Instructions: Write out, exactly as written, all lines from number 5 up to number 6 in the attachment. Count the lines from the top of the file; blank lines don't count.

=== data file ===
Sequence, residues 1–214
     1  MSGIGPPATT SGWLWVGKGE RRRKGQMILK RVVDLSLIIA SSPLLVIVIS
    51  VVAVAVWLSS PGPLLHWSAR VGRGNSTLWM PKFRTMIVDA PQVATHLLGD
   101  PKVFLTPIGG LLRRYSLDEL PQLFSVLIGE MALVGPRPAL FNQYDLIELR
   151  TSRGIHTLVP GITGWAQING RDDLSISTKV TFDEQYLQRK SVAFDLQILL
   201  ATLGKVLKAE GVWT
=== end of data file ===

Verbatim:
   151  TSRGIHTLVP GITGWAQING RDDLSISTKV TFDEQYLQRK SVAFDLQILL
   201  ATLGKVLKAE GVWT